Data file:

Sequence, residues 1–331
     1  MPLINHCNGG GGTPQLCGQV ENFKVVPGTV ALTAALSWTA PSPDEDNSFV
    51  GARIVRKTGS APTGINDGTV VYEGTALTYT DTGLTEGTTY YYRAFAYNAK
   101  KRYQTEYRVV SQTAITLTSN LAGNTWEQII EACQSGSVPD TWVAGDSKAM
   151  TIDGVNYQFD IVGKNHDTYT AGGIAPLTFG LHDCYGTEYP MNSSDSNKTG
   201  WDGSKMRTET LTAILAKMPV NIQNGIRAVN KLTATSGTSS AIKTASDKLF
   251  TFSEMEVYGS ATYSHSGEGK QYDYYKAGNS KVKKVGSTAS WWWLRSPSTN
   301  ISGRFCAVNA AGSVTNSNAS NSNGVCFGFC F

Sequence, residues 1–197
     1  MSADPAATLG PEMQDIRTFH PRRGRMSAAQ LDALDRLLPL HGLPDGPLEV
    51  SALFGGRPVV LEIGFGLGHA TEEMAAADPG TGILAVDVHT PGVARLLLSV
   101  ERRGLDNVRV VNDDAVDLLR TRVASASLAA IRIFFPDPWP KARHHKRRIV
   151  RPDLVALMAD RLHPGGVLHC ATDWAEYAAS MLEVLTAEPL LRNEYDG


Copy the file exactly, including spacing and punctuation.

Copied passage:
Sequence, residues 1–331
     1  MPLINHCNGG GGTPQLCGQV ENFKVVPGTV ALTAALSWTA PSPDEDNSFV
    51  GARIVRKTGS APTGINDGTV VYEGTALTYT DTGLTEGTTY YYRAFAYNAK
   101  KRYQTEYRVV SQTAITLTSN LAGNTWEQII EACQSGSVPD TWVAGDSKAM
   151  TIDGVNYQFD IVGKNHDTYT AGGIAPLTFG LHDCYGTEYP MNSSDSNKTG
   201  WDGSKMRTET LTAILAKMPV NIQNGIRAVN KLTATSGTSS AIKTASDKLF
   251  TFSEMEVYGS ATYSHSGEGK QYDYYKAGNS KVKKVGSTAS WWWLRSPSTN
   301  ISGRFCAVNA AGSVTNSNAS NSNGVCFGFC F

Sequence, residues 1–197
     1  MSADPAATLG PEMQDIRTFH PRRGRMSAAQ LDALDRLLPL HGLPDGPLEV
    51  SALFGGRPVV LEIGFGLGHA TEEMAAADPG TGILAVDVHT PGVARLLLSV
   101  ERRGLDNVRV VNDDAVDLLR TRVASASLAA IRIFFPDPWP KARHHKRRIV
   151  RPDLVALMAD RLHPGGVLHC ATDWAEYAAS MLEVLTAEPL LRNEYDG